The 2005 ESA Annual Meeting and Exhibition
December 15-18, 2005
Ft. Lauderdale, FL

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Friday, December 16, 2005

Plastron respiration in ticks (Acari: Ixodidae)

Susan M. Villarreal,, Truman State University, tick group, Science Division, 100 East Normal, Kirksville, MO and Bach Q. Ha, Truman State University, Math & Computer Science Division, 100 East Normal, Kirksville, MO.

Ticks are blood-feeding arthropods that are well known for their survivability. Although ticks are terrestrial organisms, they can survive extended periods of submergence under water as for example after heavy rainfall or flooding. A plastron is a physical gill consisting of a thin layer of air trapped by hydrophobic hairs or other cuticular projections. Hence a plastron is an alternate respiration system that can absorb oxygen from water. The complex spiracular plates of ticks have been postulated to serve as plastrons but until now, this has not been verified. In this study, we confirm the existence of plastron respiration in the dog tick Dermacentor variabilis. Adult dog ticks can survive submergence in water for over two weeks. Wetting the spiracular plate with alcohol, thereby debilitating any potential plastron function lowered survival to less than three days. Biomathematical studies currently in progress are modeling the efficiency of the spiracular plate as a plastron. We have developed a mathematical model to predict survivability of submerged ticks under water. This model requires determination of a suite of physical and biological parameters including volume of the air film contained within the spiracular plate, the plastron air/water interface area and the oxygen consumption and biomass of the submerged tick. It is hoped that this model can be successfully used in the future to predict underwater survivability of other species of ticks which show both interspecific and intergeneric morphological variation in spiracular plate structure. This study provides the first example of plastron respiration in the Ixodidae.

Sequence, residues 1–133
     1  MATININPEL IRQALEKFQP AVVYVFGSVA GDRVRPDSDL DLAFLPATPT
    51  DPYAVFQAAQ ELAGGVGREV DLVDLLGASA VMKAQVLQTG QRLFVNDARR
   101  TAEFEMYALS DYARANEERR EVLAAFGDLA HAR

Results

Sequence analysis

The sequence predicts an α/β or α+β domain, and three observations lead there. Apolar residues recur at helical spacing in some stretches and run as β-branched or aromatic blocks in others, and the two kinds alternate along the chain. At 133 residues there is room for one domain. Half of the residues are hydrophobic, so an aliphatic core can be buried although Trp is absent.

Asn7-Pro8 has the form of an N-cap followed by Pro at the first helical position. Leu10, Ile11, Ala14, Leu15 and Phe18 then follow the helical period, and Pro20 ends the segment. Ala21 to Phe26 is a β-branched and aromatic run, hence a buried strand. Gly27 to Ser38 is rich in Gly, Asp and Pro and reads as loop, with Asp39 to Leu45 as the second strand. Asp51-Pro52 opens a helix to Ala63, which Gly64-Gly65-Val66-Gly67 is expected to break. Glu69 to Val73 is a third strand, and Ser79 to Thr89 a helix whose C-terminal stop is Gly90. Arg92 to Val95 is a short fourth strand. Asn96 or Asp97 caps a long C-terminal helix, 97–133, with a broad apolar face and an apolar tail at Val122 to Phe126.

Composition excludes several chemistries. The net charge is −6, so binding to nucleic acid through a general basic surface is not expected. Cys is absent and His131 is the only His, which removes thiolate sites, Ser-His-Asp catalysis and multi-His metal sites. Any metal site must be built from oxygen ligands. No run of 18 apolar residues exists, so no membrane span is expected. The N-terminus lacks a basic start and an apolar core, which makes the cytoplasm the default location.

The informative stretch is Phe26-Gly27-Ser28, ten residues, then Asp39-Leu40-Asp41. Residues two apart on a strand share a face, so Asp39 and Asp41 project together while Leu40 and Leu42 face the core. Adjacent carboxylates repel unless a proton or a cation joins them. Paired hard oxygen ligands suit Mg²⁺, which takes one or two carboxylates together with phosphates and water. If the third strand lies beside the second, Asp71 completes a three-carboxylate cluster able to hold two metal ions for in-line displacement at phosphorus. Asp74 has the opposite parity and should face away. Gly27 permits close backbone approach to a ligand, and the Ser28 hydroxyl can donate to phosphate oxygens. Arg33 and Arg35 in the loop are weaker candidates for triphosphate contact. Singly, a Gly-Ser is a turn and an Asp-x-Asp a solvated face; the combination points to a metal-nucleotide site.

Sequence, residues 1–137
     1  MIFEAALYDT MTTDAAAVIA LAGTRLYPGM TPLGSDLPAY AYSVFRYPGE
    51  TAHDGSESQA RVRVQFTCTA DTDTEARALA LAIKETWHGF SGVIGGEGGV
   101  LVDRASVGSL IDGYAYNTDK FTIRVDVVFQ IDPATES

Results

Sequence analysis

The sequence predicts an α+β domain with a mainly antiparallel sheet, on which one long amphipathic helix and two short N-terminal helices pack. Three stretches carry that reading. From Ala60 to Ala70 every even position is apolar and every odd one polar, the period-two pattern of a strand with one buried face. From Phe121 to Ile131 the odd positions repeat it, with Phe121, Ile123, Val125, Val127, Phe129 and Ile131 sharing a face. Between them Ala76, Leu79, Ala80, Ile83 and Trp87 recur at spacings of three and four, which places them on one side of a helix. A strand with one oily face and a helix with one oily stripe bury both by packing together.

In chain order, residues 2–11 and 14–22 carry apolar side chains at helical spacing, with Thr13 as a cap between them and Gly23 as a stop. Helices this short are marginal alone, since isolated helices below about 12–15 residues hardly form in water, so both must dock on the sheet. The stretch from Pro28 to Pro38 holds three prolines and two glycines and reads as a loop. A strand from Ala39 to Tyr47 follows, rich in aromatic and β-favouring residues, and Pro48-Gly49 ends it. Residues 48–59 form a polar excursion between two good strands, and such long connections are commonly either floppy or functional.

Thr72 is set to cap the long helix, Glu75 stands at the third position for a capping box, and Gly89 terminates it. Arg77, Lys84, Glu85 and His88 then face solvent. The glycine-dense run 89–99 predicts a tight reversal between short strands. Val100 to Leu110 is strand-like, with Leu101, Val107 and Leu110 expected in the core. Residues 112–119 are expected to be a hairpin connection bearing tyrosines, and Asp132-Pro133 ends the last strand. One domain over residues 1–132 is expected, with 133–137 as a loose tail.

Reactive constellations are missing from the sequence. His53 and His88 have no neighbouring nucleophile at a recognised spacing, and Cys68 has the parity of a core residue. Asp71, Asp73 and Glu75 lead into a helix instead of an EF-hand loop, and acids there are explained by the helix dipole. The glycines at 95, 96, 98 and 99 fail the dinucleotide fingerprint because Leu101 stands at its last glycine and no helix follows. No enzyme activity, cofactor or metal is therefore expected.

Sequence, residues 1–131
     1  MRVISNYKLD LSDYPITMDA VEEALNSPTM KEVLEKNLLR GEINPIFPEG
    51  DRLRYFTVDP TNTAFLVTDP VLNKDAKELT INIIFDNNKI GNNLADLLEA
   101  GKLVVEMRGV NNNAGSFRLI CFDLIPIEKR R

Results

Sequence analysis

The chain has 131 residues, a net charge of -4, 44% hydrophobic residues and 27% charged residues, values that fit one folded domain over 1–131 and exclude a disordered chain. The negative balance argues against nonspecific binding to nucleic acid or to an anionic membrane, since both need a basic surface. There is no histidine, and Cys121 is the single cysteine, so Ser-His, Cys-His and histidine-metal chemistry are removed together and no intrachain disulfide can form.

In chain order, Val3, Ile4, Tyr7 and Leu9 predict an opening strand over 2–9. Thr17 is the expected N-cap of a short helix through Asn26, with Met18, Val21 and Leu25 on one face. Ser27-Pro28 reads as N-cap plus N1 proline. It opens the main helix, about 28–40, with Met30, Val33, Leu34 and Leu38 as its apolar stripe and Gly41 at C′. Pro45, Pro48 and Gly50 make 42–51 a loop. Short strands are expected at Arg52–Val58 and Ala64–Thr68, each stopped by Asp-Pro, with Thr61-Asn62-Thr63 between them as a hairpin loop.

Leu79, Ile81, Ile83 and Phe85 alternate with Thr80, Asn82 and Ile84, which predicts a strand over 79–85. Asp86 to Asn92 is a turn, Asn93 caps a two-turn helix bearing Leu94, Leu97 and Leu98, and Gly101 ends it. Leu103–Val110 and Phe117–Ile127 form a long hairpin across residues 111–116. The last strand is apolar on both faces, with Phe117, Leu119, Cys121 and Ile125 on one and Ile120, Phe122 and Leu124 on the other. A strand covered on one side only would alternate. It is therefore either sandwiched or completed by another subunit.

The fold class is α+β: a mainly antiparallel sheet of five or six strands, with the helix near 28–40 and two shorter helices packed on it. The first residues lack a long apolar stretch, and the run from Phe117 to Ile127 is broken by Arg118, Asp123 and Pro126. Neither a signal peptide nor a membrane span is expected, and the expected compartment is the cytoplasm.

Species 1: Acari Ixodidae Dermacentor variabilis (Dog tick)
Keywords: Plastron, Respiration